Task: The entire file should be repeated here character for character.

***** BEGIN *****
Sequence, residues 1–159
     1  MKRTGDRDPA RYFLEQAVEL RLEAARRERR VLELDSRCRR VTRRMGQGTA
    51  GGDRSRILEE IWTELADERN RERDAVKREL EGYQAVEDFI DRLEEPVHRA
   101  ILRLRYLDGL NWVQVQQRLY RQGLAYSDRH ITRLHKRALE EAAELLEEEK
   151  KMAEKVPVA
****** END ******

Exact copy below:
Sequence, residues 1–159
     1  MKRTGDRDPA RYFLEQAVEL RLEAARRERR VLELDSRCRR VTRRMGQGTA
    51  GGDRSRILEE IWTELADERN RERDAVKREL EGYQAVEDFI DRLEEPVHRA
   101  ILRLRYLDGL NWVQVQQRLY RQGLAYSDRH ITRLHKRALE EAAELLEEEK
   151  KMAEKVPVA